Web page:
All the financial experts out there agree on one thing: hindsight is the only way to be absolutely sure the recession is over. It is only by looking back at markets, employment numbers, cost of living, inflation/deflation rates, the length of Bernie Madoff’s sentence, the total number of scoundrels charged and convicted, GDP, and political posturing that we can be sure It’s over.
So until that momentous day comes most of us need to find some way to make life in the new reality a little easier. I believe the number of people completely unaffected by the state of world finances is likely about three so this column isn’t for them. Everyone else wants to know how to ride out these challenging times without declaring bankruptcy or committing suicide.
Staycation is the newest word in the hard-times lexicon. It is widely accepted as meaning a stay-at-home vacation and is the 2009 answer to saving money this summer. It is forcing people to explore attractions and activities in their own communities or on a simple day trip, thereby saving the high cost of accommodations. Local venue operators are happy, hoteliers less so.
In an ongoing attempt to provide not only thought-provoking content but actual useful information too, From Where I Sit is pleased to offer the following list of Cheap Thrills, in no particular order. To qualify?the standards were gruelling?the suggestion needed to be either free or cheap. Period. It is sheer coincidence that three out of four involved books and reading.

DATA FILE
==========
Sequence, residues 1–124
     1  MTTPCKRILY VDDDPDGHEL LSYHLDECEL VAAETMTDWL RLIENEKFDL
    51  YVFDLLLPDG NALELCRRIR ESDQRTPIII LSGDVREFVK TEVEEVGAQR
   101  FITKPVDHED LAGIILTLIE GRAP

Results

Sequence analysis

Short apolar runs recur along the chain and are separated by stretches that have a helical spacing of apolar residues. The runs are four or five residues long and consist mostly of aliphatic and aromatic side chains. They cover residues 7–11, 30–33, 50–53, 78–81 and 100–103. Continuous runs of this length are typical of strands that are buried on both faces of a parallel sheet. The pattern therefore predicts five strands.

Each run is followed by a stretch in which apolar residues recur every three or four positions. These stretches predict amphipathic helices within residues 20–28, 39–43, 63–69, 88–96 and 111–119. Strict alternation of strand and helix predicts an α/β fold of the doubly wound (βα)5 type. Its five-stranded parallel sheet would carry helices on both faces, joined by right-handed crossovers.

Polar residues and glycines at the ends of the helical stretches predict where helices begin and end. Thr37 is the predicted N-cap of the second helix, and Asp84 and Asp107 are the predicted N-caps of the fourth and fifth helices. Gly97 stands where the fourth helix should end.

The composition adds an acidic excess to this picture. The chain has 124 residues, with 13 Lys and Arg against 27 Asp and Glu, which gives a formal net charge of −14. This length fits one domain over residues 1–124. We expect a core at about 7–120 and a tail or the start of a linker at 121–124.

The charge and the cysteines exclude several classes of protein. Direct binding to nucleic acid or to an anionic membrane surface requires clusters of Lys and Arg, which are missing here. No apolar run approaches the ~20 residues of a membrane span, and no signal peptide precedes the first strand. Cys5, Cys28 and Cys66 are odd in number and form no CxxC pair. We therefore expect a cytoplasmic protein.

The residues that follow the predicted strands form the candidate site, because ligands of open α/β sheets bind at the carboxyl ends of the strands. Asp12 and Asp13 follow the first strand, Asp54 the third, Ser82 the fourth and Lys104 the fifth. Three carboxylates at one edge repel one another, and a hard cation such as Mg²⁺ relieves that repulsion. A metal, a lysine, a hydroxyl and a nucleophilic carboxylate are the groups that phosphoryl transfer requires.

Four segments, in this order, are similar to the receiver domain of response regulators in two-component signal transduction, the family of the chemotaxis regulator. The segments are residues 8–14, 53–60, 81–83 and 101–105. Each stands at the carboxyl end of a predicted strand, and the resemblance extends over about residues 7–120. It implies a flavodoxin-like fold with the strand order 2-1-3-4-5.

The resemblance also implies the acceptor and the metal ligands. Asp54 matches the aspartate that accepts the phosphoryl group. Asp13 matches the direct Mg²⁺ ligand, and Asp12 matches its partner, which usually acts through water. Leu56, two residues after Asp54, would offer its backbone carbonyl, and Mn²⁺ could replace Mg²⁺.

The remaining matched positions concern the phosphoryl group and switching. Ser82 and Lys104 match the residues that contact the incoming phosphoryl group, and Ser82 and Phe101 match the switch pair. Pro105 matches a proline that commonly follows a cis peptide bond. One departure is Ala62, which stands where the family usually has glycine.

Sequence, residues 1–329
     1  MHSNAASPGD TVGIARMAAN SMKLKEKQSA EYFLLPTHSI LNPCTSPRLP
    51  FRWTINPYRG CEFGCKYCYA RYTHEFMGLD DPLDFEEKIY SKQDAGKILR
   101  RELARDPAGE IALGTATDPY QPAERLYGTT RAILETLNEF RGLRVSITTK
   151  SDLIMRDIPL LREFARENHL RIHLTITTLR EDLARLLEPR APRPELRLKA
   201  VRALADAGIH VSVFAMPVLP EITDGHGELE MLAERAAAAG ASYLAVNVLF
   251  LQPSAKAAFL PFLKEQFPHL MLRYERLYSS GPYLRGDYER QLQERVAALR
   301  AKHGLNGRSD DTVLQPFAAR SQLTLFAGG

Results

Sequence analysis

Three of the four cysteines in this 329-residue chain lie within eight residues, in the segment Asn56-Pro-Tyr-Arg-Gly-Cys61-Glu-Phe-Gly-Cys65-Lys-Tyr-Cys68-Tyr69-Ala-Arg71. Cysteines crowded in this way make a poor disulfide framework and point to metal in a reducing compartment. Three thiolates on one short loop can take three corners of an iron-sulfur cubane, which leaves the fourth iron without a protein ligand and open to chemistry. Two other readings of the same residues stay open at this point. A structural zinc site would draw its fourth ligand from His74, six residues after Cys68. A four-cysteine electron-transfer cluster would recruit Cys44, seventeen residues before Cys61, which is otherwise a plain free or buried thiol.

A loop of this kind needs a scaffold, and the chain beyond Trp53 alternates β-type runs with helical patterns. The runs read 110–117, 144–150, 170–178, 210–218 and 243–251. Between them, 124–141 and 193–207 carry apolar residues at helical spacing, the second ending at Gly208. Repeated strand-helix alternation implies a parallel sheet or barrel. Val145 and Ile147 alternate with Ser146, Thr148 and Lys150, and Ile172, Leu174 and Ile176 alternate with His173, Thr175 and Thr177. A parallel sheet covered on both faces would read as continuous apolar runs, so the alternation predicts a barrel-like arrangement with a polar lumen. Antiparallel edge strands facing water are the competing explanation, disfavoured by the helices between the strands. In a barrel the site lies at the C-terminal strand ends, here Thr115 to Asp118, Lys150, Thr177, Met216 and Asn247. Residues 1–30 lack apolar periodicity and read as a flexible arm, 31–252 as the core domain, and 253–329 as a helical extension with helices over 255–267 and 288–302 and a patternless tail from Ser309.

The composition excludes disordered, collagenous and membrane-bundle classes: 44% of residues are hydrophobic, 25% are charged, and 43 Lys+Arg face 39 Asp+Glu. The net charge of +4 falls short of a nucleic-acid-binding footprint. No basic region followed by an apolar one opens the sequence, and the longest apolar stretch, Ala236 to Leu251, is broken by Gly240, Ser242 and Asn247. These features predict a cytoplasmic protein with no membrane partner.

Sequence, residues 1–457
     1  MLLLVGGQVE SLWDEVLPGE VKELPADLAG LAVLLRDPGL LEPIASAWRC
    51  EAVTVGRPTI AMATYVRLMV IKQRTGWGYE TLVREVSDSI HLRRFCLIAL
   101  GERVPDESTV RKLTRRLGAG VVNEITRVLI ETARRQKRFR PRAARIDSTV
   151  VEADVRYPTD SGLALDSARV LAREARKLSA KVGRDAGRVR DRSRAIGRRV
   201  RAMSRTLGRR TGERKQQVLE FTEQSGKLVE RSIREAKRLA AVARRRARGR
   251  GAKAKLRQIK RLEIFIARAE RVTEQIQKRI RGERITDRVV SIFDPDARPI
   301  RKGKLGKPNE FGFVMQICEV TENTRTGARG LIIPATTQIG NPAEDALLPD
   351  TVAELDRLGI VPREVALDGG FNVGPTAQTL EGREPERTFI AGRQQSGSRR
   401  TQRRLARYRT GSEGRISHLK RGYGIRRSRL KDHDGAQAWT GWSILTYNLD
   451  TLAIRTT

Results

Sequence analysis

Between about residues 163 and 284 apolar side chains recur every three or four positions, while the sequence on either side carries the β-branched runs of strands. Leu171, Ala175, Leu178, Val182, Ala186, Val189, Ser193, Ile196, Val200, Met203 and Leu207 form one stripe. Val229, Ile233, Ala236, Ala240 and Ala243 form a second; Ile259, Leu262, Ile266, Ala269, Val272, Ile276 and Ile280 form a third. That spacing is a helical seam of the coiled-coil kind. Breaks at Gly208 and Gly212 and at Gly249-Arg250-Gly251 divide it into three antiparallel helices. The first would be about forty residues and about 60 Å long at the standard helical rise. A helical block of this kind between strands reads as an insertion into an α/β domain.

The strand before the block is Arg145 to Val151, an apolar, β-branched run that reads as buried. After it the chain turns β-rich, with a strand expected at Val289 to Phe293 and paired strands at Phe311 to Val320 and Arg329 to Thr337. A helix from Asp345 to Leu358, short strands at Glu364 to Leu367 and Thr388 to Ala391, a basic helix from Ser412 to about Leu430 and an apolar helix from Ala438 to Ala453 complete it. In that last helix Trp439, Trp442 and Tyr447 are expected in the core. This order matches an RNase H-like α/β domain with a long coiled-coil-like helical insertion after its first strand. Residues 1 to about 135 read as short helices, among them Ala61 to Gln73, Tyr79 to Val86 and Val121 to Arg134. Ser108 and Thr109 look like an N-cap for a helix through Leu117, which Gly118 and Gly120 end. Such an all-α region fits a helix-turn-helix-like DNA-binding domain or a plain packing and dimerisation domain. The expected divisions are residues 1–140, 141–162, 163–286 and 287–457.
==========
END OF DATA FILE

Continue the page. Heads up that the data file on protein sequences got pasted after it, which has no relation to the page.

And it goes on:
1. Amazon books has bargain books for under $5. Is it a coincidence that both Dr. Phil and Robin McGraw had titles in this section the day I stumbled across it?
2. Many larger cities have a version of Edmonton’s Movies 12, which shows older new releases for the unbelievably low price of $3.50 all day and $2.50 on Tuesdays. Showing right now is Angels & Demons, Hannah Montana, 17 Again, My Life in Ruins, and eight others. Smuggle in your own treats and save even more. Costco also sells a movie pack that includes first-run movies and snacks.
3. Parades. Every little hick town across the country has its annual rodeo/country fair/exhibition/sports day event and kickoff parade. If you walk to your local parade and scoop the candy intended for the kids in the crowd you actually come out ahead on this item.
4. The best year-round deal is a public library membership. In many communities it is free. In others, for the price of one hardcover book, you can read books or borrow movies for ?free? all year long.
5. If you’d rather own your copies there are always garage sales, Salvation Army, Goodwill stores, and Value Village for exceptional used book prices. I picked up a mint hardcover of Garbo Laughs by Elizabeth Hay for 99 cents. Be still my beating heart.
Alas, I’ve come to the end of my word count. Stay tuned for more ideas, from where I sit.